Keel Laid for U.S. Navy’s Second Navajo-Class T-ATS Vessel Future USNS Cherokee Nation

Gulf Island Shipyard hosted the keel laying ceremony of U.S. Navy’s second Navajo class Towing, Salvage, and Rescue vessel, the future USNS Cherokee Nation (T-ATS 7), at the Houma Terrebonne Civic Center in Houma, Louisiana on Feb. 12.

The keel laying ceremony formally marks the start of a ship’s life and the joining of the ship’s modular components. The keel serves as the symbolic backbone of the ship.

In attendance to authenticate the keel was Principal Chief of the Cherokee Nation, The Honorable Chuck Hoskin, Jr. and the ship’s sponsor and Deputy Speaker of the Cherokee Nation Tribal Council, The Honorable Victoria Mitchell Vazquez.

During the ceremony, the keel authenticators etched their initials into the keel plate and declared it to be “truly and fairly laid.”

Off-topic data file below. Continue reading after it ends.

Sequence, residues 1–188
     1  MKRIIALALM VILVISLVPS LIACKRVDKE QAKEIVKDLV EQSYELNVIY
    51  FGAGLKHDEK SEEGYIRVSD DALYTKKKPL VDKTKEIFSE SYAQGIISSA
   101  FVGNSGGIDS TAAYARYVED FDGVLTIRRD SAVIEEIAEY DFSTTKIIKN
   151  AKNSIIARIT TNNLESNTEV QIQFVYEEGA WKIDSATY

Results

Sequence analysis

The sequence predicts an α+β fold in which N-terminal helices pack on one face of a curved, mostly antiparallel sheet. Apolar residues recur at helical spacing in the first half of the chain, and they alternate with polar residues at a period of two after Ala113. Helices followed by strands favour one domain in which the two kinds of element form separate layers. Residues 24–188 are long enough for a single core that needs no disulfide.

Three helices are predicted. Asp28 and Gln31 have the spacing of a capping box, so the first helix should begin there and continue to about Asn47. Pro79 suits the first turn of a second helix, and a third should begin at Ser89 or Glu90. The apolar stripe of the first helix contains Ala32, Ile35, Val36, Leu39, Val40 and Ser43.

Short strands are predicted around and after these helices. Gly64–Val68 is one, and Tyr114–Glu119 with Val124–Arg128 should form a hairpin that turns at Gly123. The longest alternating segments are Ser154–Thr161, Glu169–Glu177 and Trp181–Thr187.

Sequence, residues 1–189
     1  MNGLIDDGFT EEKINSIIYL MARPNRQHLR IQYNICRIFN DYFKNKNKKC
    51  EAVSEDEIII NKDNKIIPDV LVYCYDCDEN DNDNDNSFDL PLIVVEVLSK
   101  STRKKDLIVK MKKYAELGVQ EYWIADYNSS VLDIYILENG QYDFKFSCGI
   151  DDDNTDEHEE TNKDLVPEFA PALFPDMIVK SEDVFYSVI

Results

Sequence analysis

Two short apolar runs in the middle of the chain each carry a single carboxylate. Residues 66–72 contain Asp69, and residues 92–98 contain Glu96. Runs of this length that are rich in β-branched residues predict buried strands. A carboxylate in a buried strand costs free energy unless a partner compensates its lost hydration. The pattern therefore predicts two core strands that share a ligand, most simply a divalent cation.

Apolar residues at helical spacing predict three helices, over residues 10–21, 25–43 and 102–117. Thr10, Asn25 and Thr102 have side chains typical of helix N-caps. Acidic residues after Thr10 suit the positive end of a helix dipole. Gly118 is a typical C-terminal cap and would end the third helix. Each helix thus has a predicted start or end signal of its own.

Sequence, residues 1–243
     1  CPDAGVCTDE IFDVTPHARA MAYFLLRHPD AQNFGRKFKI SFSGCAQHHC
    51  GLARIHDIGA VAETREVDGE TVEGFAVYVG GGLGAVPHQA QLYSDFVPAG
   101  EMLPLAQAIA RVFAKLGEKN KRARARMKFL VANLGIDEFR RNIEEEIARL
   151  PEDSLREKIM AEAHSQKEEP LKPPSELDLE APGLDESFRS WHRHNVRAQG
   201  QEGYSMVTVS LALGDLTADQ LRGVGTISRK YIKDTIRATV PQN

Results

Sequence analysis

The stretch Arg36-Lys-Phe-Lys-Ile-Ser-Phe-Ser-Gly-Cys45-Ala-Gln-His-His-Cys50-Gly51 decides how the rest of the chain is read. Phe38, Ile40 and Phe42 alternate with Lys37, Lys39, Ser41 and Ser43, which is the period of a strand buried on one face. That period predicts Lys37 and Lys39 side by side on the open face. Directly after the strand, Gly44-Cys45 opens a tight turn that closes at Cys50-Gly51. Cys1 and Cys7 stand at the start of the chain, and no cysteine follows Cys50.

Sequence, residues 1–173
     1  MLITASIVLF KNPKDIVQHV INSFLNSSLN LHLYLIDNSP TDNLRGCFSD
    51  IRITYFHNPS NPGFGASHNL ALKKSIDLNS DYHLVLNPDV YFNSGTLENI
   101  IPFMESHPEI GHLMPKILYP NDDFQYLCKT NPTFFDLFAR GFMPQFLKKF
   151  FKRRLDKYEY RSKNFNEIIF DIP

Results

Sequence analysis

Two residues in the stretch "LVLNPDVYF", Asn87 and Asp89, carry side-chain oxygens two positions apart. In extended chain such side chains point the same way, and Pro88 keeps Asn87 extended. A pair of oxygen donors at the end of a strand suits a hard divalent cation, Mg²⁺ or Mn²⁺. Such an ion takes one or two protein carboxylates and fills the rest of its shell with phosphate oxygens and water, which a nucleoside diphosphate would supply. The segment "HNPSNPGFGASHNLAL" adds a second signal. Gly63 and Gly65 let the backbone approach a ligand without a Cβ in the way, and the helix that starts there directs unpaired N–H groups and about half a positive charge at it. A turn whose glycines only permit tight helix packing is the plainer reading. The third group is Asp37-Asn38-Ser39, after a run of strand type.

“We are honored to have so many representatives of the Cherokee Nation in attendance to celebrate this early milestone,” said Mike Kosar, support ships, boats and craft program manager, Program Executive Office Ships. “The ship is critical to the operations of our fleet, and will soon sail with the pride and determination of the Cherokee people, which it is named to honor”

The Navajo-class will provide ocean-going tug, salvage, and rescue capabilities to support fleet operations. The current capabilities are provided by three T-ATF 166 and two T-ARS 50 class ships, several of which will reach the end of their expected service lives later this year.

Navajo-class ships will be capable of towing U.S. Navy ships and will have 6,000 square feet of deck space for embarked systems. The platform will be 263 feet long, have a beam of 59 feet, and can carry a load of nearly 2,000 tons.

In addition to the future USNS Cherokee Nation (T-ATS 7), Gulf Island Shipyard is constructing the future USNS Navajo (T-ATS 6) and is under contract for the detail design and construction of the future USNS Saginaw Ojibwe Anishinabek (T-ATS 8).



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